Haiku Heaven- Max and Tracey's

Haiku Heaven- Max and Tracey's

I wanted to tell you about some of our favorite places on the North side if you ever give Maui a visit. First of all is Max and Tracy’s place. Our little studio cottage that is home on Maui is one of two studios you can rent year round. The property is beautiful with 180 degree view of the water. There is an abundance of fruit trees on the property and they always have a basket of what’s in season waiting for you when you arrive. Lychee was just about in season when we left but my son managed to find a few ripe ones to try. The avacados, apple bananas, mangos and oranges are some of my families favorites. You might have to compete with Buttercup, the golden lab, for ripe bananas. My kids call her a banana retriver and she is our rent a dog on Maui. If you really want to get a feel for what it’s like to be a local check it out: ludwig@maui.net.

We do most of our shopping in Paia town which is down the road a few miles. Mana Foods is a local legend and all your organic, health, specialty foods can be found there. I recommend buying the cotton shopping bag which doubles as a great beach bag/purse. Most of the saleable fruit from the property we stay at goes to Manna so they really help support the local farmers. Support them during your stay.DSCN2073

We always pick up a few shorts and T’s and sandals when we are in Maui and our favorite place by far to buy these things is the Hana Highway Surf . They carry all your basic beach needs and they have really great t-shirts with their logos on them. My husband and son love their hoodies.  Jud and Kelly Lau, the husband and wife that own it are really welcoming and Uncle Squidy- the owners uncle and local surf legend- has wave reports for Maui at (808) 871-NALU ( 6258).His absolutely hilarious advertisment on local radio is what sent us searching for them many years ago.

We tend to make our own dinner but there is nothing better than breakfast after primary series in the morning so check out Colleen’s in the Haiku Cannery Market near the Studio Maui. The french toast and fresh squeezed OJ is to die for…

Colleen's in Haiku french toast

Colleen's in Haiku french toast

Swimming and beaches on the North side are limited. The far west side of Baldwin Beach is located close to the residential area of Spreklesville and contains a small lagoon- perfect for family swimming without the shore breaking waves. The locals call it baby beach.  Of course famous Ho’okipa Beach is located on the North side just past Paia near the equally famous- and expensive- Mama’s Fish House. Hanging out at Ho’okipa during a good wind is a real North shore experience- some of the best windsurfers, kite surfers, and just plain old surfers are there all day for free entertainment. It really is amazing to see the talent and althleticism out in the water.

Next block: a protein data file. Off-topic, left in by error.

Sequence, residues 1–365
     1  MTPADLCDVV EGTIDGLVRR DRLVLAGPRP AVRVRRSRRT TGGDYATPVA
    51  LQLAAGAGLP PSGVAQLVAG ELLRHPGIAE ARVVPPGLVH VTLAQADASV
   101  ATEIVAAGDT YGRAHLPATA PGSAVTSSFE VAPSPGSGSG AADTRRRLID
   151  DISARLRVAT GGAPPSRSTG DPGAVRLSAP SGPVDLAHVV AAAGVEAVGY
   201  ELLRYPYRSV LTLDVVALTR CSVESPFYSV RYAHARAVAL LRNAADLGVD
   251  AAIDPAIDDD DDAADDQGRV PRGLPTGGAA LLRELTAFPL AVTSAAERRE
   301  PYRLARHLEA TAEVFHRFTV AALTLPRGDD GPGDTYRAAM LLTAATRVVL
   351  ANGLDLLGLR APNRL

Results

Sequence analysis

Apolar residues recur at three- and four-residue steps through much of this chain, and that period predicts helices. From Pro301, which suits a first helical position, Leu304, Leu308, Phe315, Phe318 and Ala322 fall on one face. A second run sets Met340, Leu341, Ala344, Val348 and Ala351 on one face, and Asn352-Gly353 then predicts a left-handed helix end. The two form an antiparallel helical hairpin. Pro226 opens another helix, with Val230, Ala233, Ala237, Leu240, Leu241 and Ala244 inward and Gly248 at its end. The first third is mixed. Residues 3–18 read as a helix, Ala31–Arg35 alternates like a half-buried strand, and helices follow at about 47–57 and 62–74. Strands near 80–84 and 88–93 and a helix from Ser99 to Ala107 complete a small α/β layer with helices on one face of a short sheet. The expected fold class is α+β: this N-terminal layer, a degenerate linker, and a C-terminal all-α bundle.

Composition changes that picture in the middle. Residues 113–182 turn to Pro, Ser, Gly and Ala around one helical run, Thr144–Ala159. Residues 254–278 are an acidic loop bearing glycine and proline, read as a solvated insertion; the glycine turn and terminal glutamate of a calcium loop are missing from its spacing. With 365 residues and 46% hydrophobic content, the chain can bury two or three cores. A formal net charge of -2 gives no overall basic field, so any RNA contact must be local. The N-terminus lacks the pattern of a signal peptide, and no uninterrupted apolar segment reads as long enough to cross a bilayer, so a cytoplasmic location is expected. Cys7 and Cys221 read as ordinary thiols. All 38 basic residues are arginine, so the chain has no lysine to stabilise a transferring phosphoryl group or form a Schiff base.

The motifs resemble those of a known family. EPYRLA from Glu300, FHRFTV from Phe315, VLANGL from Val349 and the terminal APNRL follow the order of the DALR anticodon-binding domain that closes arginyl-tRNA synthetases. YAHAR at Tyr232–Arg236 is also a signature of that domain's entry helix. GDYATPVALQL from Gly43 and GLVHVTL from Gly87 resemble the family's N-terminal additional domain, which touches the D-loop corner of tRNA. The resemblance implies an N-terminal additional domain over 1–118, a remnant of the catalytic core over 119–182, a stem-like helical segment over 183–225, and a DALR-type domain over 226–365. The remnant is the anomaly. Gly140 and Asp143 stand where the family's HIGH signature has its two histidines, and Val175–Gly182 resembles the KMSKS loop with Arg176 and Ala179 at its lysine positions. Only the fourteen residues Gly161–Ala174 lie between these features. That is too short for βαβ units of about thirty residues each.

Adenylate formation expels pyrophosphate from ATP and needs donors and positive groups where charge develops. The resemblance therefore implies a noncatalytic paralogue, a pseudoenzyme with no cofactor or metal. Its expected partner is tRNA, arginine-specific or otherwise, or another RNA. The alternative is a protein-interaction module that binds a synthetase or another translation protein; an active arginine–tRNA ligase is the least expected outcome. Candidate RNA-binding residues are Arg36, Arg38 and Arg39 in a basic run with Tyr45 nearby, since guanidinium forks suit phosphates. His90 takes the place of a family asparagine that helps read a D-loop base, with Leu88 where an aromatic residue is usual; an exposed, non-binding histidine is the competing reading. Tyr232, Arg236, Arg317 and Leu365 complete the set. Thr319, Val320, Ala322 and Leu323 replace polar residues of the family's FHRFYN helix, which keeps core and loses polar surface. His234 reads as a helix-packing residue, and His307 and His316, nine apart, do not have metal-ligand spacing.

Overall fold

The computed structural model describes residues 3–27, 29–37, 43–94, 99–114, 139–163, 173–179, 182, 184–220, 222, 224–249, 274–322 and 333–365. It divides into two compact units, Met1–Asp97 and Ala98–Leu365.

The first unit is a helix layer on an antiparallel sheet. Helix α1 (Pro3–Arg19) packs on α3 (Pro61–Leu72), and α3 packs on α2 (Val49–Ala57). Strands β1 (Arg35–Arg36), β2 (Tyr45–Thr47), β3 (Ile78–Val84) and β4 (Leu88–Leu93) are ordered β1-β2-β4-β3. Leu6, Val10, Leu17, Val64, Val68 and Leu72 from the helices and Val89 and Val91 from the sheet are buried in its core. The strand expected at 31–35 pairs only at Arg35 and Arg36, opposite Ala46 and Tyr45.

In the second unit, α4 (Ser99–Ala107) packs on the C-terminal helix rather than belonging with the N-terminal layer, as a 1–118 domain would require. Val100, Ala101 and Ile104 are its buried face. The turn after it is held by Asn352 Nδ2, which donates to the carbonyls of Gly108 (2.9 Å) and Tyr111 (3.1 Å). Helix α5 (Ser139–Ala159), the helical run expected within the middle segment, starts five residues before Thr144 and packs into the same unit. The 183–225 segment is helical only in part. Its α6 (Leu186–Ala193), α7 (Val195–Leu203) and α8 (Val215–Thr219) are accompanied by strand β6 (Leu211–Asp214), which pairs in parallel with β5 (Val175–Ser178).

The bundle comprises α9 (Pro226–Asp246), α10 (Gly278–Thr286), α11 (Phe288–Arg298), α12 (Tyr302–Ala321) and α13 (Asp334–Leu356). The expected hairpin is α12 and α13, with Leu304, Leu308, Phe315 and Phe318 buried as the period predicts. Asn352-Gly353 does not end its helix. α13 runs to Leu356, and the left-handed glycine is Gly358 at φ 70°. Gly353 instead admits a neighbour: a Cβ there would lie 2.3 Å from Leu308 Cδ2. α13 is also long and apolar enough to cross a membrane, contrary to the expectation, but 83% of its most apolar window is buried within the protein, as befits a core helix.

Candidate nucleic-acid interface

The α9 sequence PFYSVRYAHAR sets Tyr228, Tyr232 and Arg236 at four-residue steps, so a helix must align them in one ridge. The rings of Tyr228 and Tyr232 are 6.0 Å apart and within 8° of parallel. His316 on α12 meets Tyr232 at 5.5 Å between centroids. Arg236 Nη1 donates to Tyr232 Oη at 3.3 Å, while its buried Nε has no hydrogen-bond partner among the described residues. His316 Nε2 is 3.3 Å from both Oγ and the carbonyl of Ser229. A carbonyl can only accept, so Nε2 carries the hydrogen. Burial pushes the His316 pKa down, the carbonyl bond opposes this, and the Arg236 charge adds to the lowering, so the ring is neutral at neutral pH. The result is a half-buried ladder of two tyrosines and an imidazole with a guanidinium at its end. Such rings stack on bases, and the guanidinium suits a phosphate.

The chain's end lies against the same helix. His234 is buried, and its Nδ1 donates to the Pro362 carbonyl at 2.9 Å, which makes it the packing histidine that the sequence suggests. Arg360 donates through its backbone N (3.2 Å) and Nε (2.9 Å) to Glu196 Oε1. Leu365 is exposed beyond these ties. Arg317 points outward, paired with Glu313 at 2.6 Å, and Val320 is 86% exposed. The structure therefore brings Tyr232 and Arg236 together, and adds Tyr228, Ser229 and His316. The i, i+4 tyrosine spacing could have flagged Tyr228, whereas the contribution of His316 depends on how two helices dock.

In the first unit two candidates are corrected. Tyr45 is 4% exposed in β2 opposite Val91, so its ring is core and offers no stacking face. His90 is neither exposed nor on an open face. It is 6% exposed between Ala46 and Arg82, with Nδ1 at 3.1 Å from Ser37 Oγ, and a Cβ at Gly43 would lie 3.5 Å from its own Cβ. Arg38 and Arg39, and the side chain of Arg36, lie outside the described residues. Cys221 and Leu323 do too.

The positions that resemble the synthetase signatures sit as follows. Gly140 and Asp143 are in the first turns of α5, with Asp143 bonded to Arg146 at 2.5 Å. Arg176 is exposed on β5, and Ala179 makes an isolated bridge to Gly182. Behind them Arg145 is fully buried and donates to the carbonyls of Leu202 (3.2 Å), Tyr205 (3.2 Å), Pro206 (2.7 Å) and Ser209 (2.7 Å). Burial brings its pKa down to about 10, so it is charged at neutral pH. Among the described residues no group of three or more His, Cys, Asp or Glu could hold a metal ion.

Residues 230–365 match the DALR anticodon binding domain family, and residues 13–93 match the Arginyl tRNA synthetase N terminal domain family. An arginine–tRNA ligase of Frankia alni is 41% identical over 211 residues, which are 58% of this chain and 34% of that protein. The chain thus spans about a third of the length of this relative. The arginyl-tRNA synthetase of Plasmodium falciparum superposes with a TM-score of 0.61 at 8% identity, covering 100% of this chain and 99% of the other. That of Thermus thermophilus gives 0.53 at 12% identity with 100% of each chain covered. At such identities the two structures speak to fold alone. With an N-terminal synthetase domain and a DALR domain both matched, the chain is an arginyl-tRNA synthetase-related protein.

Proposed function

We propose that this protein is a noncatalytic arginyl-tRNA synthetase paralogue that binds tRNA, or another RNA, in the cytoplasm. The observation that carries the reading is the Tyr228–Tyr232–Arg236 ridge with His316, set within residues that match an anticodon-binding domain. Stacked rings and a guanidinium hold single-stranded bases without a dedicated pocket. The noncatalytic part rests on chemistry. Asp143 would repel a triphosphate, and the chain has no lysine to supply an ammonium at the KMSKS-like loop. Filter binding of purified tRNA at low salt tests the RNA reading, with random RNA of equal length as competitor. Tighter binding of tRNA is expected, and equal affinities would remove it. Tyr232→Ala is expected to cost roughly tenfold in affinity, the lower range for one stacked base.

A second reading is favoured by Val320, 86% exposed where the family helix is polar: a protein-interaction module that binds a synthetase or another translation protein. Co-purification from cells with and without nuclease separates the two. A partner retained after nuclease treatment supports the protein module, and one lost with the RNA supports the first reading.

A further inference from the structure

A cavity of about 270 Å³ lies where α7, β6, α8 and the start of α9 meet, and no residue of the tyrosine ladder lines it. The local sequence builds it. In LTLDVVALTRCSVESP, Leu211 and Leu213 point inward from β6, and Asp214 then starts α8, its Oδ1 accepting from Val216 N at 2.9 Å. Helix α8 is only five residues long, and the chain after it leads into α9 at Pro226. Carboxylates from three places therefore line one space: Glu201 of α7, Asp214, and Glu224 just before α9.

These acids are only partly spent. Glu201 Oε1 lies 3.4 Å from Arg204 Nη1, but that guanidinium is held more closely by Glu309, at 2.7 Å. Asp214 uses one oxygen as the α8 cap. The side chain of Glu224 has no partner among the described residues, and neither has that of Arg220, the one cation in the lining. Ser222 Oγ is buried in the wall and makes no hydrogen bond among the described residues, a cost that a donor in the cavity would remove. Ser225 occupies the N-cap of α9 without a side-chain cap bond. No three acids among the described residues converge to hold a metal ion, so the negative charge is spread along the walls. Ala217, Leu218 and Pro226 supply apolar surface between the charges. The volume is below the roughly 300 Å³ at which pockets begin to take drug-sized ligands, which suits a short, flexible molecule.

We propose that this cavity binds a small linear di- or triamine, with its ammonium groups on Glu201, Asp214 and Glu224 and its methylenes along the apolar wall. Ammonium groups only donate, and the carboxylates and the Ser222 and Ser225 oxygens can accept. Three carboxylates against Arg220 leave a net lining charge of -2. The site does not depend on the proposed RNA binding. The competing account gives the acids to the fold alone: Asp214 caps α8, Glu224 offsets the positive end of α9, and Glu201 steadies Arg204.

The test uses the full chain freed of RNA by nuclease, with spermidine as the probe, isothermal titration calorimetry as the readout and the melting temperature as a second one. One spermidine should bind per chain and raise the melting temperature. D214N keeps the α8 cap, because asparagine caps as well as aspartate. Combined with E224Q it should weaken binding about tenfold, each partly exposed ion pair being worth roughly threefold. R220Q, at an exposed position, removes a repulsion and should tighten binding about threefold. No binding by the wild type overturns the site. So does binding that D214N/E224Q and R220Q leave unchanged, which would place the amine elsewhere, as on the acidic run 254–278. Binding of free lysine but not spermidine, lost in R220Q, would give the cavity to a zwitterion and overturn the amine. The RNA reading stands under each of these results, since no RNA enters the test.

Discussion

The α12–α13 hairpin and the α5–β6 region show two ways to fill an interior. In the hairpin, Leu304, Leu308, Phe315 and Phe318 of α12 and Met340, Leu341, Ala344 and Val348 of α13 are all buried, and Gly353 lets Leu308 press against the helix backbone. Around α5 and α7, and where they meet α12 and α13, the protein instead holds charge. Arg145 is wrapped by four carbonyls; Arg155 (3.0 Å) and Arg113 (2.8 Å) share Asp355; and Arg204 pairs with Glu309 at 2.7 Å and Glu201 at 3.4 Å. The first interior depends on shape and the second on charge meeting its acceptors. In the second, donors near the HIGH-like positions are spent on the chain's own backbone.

My son investigating the reef at Baby Beach

My son investigating the reef at Baby Beach

 If the weather is wet on the North side- which it often is- we suggest driving down into Makena area and checking out the beach  in front of the Maui Prince Hotel. It is a public beach with washrooms and a shower and the waves are great for boogie boarding. We do not recommend swimming at Big Beach in Makena with children. The wave break is very high and very close to shore and in water no higher than your knees you could be picked up and dashed into the sand. People with broken bones are taken off the beach daily. The locals call Big Beach “ Killer Beach” for a reason.

Having a yoga vacation on Maui dosen’t have to cost you a lot and it really is a fabulous place to practice.

I am looking forward to going back to Maui in September to study with John Friend andRam Dass. Let’s hope I get accepted and if I do I promise to blog during the training!!

 

The House of Yoga and Zen March 17, 2008

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Snuggled in a tomato farm on a twisting Maui road lies a yoga shala. Completely unassuming and rugged, this little building holds one of the biggest hearts in Ashtanga yoga- Nancy Gilgoff. The shala is like Nancy herself- natural, simple and real.

I am an Anusara teacher and I mostly align myself with that method but with children and husband’s needs it was just easier to study ashtanga with my husband, Chris, than it was to try to juggle two styles and two studios and two parts of the island. I had a major break with the Ashtanga system a few years ago and I am very wary of who I study with. I had met Nancy on a previous trip so I had a sense of who she was as a teacher and I felt I could trust her.

Nancy Gilgoff is thought to be the first American woman to travel to India to study Ashtanga yoga with Pattabhi Jois. Certainly she’s one of a trio- including Doug Swenson and David Williams- credited with bringing Ashtanga to America in the 1970s.  She  has dedicated herself to teaching the tradition for close to 30 years- having only stopped teaching for a few years to raise her daughter.